This continued for 7 sessions at which time I plateaued on power. With these muscles, I was struggling to reach max power which came a lot easier with my bigger leg muscles. Increases came in inches so we decided to move on to the strengthening phase.
For this strengthening phase, I mirrored the pad placements on my left arm on my right arm. I would use a move called the Statue of Liberty. It involves holding a light 1lb dumbbell, and placing it across my waist with thumb turned down, and then raising it across the body while turning my thumb upright to the finish overhead position, as if I were holding the torch like the Statue of Liberty. I would do 1 min with the left hand, then 1 min with the right hand. After this, I would attempt to increase power, and then repeat the Statue of Liberty on both hands. This would go on for 5 intervals for 10 minutes of work, with power increases in between.
The first session was incredibly tough. My left arm was already adapted somewhat to the stim, but my right arm was first encountering it. So while it was relatively easy for my left arm to the do the movement, the right arm was having a ton of trouble as it caught up with the power of the stim. I strengthened for 11 sessions and by the end I reached max power. But it would a tough ride. There were a few times where my right hand was stimmed so hard that I could not even hold onto the dumbbell. I would drop it and then my right hand would turn into an uncontrollable claw! I would then quickly turn off the power and stop for the day.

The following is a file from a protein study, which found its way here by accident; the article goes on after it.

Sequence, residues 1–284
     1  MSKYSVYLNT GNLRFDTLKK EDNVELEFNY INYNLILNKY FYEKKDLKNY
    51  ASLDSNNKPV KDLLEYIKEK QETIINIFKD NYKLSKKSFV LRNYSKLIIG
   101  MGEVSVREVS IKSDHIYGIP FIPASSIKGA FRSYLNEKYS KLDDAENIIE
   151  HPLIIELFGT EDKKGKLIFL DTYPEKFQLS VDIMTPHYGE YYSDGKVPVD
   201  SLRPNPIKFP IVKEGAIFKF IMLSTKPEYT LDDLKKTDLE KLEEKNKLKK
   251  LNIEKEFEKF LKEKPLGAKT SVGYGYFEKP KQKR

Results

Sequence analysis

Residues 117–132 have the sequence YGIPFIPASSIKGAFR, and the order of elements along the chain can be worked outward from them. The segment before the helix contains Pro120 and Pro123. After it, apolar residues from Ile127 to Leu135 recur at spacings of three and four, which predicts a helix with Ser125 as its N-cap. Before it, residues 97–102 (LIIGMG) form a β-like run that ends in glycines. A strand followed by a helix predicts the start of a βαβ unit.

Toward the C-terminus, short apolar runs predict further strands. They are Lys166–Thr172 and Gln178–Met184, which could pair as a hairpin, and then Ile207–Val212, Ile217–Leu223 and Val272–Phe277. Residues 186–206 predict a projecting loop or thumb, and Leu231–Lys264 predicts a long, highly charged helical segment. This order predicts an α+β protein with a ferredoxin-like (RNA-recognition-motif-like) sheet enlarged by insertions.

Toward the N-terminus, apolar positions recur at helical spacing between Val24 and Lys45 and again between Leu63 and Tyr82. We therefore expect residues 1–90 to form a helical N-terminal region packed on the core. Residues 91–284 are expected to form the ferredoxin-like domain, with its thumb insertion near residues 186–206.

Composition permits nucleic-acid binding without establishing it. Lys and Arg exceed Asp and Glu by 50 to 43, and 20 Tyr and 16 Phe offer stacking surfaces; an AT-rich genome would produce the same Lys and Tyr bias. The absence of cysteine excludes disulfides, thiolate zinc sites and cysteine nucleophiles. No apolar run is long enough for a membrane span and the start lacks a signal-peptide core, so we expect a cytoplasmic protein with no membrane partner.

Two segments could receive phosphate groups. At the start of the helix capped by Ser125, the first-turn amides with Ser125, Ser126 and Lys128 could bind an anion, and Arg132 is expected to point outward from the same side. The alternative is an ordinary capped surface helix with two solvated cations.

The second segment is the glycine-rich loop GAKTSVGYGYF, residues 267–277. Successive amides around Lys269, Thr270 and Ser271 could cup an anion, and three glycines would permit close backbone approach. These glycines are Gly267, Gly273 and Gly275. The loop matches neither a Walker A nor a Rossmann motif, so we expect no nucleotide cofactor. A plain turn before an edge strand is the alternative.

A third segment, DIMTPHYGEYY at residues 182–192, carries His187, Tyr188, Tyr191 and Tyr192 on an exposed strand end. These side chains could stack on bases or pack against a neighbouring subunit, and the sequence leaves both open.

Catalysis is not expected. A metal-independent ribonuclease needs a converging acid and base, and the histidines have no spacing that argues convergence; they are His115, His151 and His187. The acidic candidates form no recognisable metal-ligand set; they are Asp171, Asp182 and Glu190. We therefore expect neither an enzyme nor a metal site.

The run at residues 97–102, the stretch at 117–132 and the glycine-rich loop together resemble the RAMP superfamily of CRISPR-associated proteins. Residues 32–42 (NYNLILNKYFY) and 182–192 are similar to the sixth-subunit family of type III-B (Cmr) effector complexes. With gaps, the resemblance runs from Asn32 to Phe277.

The test at the end of this therapy was either to swim 10 lengths at 50%, 75% and 100% effort or to do 10 pull ups at 50%, 75%, and 100% load as fast as possible. I did the swim test and there were no issues, only that my endurance was severely lacking and keeping up at the end was tough.
I am unfortunately not optimistic with pull ups. A few tests with a band to assist still left me with a little bit of soreness. So something else must be wrong or missing.
What I learned:
1. A proper mindset is required to able to achieve high power at high frequencies. You must relax and let the energy course through your muscles. To react to it will cause instant seizing up of the muscles for sure, which is not what you want and VERY uncomfortable. It is better to think of it as an irritant and relax into it. That is the first phase.
The second phase is, in order to achieve movement in the presence of the powerful stim, you can’t force the movement. Compensations will occur as will contractions that will resist the movement. Instead, try to send the mental command strongly to move the limb and I think you will find that the limb will move.